Congenital Hip Dysplasia

What is Congenital Hip Dysplasia?

Congenital hip dysplasia, also called congenital dislocated hip, is an abnormality of the hip joint. This abnormality can be relatively minor involving only an unstable hip joint or more severe with a complete dislocation of the hip joint. The unstable joint or dislocation occurs when the long bone of the upper leg does not sit properly in the hip socket.

Early diagnosis and treatment is important to prevent complications such as arthritis and damage to the joint. Doctors always check newborns for this condition. But parents should also be aware of any symptoms of a problem including a lack of movement or low activity level, one leg being shorter than the other and a hollow area in the buttock.

How Many Children Are Affected by Congenital Hip Dysplasia?

Approximately 1 in 1000 children are born with an actual dislocation of the hip joint. However, 1 to 2% of the population is born with some degree of dysplasia involving unstable hips. Girls are 5 times more likely than boys to have congenital hip problems. The incidence rate also increases when there is a family history of the disorder.

How Does Congenital Hip Dysplasia Happen?

Congenital hip dysplasia happens when there is a weakness or instability of the joint. This can be the result of improper development of the top of the femur or the bony cap or both. The condition of the ligament that surrounds these bones can also affect joint stability.

What Causes Congenital Hip Dysplasia?

The cause of congenital hip dysplasia is unknown. Both genetic and environmental factors seem to play a role in the development of the disorder. Children that are breech in utero, identical twins, and firstborns have a higher incidence of hip dysplasia. Congenital hip dysplasia can be associated with other situations including:

  • Acetabular dysplasia, an abnormality of the cap-shaped hip socket
  • Connective tissue disorders
  • Epiphyseal fracture, a break in the end of a long bone where bone growth occurs
  • First born child
  • Hormonal influences on connective tissue
  • Infants that are swaddled when young
  • In utero breech position
  • Ligamentous laxity, a disorder involving the fibrous tissue that connects bones or cartilages
  • Monozygotic twins, from one egg such as identical twins
  • Neuromuscular disease and myelodysplasia, imperfect growth of the spinal cord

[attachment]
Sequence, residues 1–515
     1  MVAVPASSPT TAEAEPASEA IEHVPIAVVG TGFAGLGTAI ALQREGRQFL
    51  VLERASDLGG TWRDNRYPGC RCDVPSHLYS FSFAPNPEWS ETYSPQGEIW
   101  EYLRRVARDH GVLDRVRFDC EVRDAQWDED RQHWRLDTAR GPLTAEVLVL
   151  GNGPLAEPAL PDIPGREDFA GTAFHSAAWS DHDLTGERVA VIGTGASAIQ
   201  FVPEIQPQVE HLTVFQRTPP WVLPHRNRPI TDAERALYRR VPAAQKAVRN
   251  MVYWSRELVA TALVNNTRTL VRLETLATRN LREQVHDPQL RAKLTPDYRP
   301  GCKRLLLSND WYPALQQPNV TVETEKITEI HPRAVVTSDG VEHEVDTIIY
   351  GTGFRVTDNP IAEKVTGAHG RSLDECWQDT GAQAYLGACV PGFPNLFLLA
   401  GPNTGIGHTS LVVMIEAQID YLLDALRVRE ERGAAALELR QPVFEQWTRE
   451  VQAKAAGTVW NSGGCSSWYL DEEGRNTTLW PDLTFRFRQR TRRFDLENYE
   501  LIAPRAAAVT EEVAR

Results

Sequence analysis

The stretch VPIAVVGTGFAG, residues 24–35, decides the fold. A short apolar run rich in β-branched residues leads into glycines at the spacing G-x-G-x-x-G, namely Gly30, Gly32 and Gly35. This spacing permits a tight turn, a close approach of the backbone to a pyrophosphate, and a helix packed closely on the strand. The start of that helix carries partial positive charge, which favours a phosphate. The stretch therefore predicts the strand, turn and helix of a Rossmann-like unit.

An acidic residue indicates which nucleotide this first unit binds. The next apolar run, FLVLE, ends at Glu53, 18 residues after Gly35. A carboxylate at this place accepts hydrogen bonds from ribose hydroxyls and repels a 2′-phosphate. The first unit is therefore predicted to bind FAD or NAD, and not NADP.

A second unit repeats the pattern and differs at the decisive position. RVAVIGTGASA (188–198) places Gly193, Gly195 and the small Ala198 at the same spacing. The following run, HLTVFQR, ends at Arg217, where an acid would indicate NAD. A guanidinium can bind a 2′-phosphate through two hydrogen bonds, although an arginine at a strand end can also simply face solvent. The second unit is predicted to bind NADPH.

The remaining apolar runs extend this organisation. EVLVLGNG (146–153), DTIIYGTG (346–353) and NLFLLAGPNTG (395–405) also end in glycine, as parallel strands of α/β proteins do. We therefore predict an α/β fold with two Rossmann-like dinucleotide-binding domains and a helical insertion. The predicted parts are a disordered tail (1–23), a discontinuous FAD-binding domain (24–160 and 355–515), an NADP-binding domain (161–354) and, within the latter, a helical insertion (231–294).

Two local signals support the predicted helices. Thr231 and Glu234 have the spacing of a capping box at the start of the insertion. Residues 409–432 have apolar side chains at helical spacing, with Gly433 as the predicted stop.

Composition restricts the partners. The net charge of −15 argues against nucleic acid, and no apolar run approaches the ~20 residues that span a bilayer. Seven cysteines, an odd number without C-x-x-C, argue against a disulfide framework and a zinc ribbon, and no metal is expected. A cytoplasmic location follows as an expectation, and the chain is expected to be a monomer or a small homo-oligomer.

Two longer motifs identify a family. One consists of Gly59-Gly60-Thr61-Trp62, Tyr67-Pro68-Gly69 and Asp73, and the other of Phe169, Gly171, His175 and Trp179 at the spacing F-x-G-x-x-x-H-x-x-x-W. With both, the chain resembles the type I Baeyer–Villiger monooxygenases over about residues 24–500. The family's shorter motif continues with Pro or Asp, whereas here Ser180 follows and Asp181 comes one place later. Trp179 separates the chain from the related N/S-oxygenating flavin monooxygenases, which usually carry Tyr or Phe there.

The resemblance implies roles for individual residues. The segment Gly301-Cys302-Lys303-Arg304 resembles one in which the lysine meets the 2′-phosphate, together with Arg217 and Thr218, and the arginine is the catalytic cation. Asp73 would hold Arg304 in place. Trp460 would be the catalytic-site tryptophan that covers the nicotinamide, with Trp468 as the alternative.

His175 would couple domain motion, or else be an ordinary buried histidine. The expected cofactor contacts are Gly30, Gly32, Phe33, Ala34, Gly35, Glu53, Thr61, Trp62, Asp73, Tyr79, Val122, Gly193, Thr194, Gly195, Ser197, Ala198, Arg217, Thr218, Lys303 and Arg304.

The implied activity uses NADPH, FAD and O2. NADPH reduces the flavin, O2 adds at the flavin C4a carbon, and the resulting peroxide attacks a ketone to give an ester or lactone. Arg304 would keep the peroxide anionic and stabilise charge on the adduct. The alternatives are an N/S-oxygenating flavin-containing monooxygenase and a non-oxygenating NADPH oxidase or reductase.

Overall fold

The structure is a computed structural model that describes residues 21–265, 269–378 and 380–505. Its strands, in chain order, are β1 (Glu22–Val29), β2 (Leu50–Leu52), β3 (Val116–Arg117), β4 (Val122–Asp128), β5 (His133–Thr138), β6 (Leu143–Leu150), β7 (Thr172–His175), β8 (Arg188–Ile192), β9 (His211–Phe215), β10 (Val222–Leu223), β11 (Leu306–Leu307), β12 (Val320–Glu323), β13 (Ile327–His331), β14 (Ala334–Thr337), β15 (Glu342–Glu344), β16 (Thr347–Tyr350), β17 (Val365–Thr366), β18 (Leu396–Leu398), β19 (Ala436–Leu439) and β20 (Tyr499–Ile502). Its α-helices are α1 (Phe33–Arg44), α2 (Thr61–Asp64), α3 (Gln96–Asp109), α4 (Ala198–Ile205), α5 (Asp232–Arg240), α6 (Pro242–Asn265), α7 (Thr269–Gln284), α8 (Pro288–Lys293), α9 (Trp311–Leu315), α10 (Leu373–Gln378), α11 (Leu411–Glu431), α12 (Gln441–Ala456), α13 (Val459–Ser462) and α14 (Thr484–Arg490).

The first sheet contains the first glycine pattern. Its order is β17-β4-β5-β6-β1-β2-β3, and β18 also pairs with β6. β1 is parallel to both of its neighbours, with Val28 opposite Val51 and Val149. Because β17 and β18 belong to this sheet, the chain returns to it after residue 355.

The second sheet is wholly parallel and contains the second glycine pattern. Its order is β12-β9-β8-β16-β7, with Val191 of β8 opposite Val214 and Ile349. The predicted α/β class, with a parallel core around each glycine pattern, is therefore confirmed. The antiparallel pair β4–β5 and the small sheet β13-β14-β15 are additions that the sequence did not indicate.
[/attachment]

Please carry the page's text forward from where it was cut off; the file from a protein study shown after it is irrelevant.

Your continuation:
• Other congenital abnormalities such as foot deformities
  • Proximal focal femoral deficiency, the end of the thigh bone closest to the hip is too short or not completely developed
  • Pyogenic arthritis
  • Torticollis, a condition where the head is inclined to one side

Helping a Child with Congenital Hip Dysplasia

The needs of a child with congenital hip dysplasia will vary dramatically depending on the severity of the disorder and any other associated conditions. A child with congenital hip dysplasia may need extra time and help learning to walk. Additionally, if a brace or cast is used, the skin can become irritated and will need treatment.

Medical Team

Starting at birth, doctors check for any instability in the hip joint. These tests should be continued during all well baby checkups. Two different tests are performed: the Ortolani and the Barlow. In these tests, the doctor simply applies pressure on the hip joint while flexing it. While the doctor does this he or she is feeling for any indication of an abnormality. Minor abnormalities are oZen outgrown. If the doctor finds a problem, however, he/she will continue to check the joints every week or two to monitor the situation.

If the doctor suspects a more serious hip problem, he will refer the child to a pediatric orthopedist who is specially trained to treat children with congenital hip dysplasia. The specialist may use ultrasound to get a picture of the baby’s hip joints. X-rays are not useful until the child is about three months old. The results of the ultrasound can help determine whether treatment is necessary.

Genetic counseling may be advisable since this condition can reoccur with other family members.

Bracing

If treatment is necessary, bracing is oZen used. Most children are treated with a soZ brace, called a Pavlik harness, that keeps the knees spread apart and bent toward the chest. This brace helps to stabilize the joint. When the baby is wearing this brace, the doctor will check the baby’s hips every week or two. The length of time a child will wear the brace ranges from three to six months. Bracing works in approximately 95% of the cases.

Other Treatments and Surgery

If a brace is not sufficient to stabilize the hip, leg casts and traction can be used. In the most severe cases, surgery may be needed to correct the problem.

Psychological Needs

A psychologist, mental health counselor, or social worker can help families work through their feelings and fears and find additional resources for assistance. In cases where the hip dysplasia is not diagnosed until the child is older, special attention may be needed to help the child deal with the disorder.

Fact Sheet by:

Birth Defect Research Children, Inc.
www.birthdefects.org

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